I had heard a few months ago—heck it was probably a few years ago—that there was story out there about a mom hooking up with Harry Styles (or who was essentially Harry Styles), and it was getting a lot of buzz. At the time, I figured it was fan fiction and moved on. It wasn’t until multiple discussions popped up on my online bookclub about it that I seriously considered giving it a shot. Not only had Harry Styles himself become more appealing to me (for whatever reason), but there were so many people feeling so many things about how it ended that I just had to read it for myself.
Solène Marchand, the thirty-nine-year-old owner of an art gallery in Los Angeles, is reluctant to take her daughter, Isabelle, to meet her favourite boy band. But since her divorce, she’s more eager than ever to be close to Isabelle. The last thing Solène expects is to make a connection with one of the members of the world-famous August Moon. But Hayes Campbell is clever, winning, confident, and posh, and the attraction is immediate. That he is all of twenty years old further complicates things.
What begins as a series of clandestine trysts quickly evolves into a passionate and genuine relationship. It is a journey that spans continents as Solène and Hayes navigate each other’s worlds: from stadium tours to international art fairs to secluded hideaways in Paris and Miami. For Solène, it is a reclaiming of self, as well as a rediscovery of happiness and love. When Solène and Hayes’ romance becomes a viral sensation, and both she and her daughter become the target of rabid fans and an insatiable media, Solène must face how her romantic life has impacted the lives of those she cares about most.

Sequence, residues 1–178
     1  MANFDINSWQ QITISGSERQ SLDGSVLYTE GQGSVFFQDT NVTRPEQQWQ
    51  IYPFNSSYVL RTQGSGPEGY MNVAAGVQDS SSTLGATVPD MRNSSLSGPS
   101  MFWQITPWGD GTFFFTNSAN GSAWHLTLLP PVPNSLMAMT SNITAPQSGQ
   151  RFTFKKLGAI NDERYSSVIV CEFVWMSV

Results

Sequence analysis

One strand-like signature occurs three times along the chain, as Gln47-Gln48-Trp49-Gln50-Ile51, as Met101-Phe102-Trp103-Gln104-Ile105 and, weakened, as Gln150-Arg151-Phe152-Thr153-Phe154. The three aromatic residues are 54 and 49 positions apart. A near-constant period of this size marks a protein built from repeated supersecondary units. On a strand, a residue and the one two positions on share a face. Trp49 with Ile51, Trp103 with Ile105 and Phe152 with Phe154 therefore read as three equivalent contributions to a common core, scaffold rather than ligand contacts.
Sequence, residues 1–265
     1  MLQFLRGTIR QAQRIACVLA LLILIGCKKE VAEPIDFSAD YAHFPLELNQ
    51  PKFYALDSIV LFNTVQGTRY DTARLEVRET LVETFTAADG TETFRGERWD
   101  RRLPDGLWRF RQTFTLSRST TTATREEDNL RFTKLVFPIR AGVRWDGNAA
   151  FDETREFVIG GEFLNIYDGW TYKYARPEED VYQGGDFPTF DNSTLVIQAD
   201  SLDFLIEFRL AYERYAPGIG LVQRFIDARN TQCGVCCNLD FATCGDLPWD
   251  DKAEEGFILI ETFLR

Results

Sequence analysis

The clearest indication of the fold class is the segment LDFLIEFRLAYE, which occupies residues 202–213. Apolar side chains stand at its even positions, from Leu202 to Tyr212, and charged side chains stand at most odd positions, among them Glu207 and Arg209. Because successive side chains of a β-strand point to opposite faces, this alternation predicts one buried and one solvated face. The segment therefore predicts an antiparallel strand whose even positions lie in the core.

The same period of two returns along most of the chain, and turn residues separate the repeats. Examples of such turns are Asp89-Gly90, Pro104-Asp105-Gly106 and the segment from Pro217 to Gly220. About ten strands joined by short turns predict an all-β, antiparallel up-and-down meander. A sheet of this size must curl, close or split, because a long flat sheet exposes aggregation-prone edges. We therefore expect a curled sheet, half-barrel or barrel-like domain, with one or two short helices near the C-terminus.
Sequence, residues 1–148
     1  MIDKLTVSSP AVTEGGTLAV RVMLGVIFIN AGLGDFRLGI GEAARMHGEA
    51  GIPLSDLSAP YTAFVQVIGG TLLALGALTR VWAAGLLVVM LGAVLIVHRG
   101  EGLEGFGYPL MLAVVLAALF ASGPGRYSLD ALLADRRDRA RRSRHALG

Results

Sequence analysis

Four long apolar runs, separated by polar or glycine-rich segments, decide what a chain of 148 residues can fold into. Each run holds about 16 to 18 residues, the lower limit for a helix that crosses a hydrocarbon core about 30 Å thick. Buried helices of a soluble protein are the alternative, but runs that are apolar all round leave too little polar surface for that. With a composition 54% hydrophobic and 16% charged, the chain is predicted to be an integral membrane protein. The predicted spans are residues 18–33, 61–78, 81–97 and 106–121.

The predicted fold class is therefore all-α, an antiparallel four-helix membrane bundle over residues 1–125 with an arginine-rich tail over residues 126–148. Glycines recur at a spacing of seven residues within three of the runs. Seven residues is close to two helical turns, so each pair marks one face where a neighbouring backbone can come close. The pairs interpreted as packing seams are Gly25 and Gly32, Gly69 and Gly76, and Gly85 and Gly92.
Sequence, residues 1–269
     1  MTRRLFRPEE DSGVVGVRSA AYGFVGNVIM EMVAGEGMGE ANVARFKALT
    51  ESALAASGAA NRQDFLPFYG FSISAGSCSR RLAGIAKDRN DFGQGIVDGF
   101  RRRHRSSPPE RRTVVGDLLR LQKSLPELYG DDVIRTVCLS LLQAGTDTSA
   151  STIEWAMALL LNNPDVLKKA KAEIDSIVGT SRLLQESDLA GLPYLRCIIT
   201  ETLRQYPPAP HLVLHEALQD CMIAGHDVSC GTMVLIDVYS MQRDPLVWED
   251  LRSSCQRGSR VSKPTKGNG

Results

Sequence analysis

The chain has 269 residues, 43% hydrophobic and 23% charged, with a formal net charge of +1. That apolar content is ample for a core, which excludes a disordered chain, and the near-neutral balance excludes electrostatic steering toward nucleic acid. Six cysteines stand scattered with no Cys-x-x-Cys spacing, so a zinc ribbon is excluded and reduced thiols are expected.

I am so surprised by how much I loved this book. I was expecting something that was poorly written and that was basically porn in book form—but that’s not what this was at all! Was it sexy? Definitely! But there was so much heart in it that I wasn’t expecting. You get a good sense of why Solène is choosing this very difficult path for herself, you understand a lot of what’s behind Hayes’s motivation, and even the mother-daughter relationship between Solène and Isabelle is pretty spot on (though I do wish we dove into a little more, maybe). And the romance? It’s dialled up to beyond sexy without being vulgar or inappropriate. I wish more writers wrote sex like Lee does here.
I will not spoil the ending, but it is what a lot of people have a problem with, and I completely understand why. It ends a little suddenly, but I feel like that’s how the story would end for them. It would be something abrupt, because when you live Hayes’s pop star life, you don’t always have the luxury of time. The final line really spoke to me, and I loved it.
The author, Robinne Lee, has released bits and pieces of extended chapters and even an epilogue of sorts—all of which are very searchable online. There is hope for a sequel (though Lee admits there isn’t one in the hopper at the time of me writing), but until then, we can just imagine where Solène and Hayes’s journeys take them. ’90s boy band enthusiasts, like myself, will see parts of themselves in Solène, too, or maybe a little bit in Isabelle.
“The thought crossed my mind that this could be dangerous. Not the ill-advised sex with the just-out-of-his-teens pop star, but the cuddling. The lying there, drinking in his scent, watching his chest rise and fall, allowing myself to bask in my own happiness. I could fall in love this way.”—Robinne Lee, The Idea of You
Thank you to NoisePorn on Unsplash for the featured photo.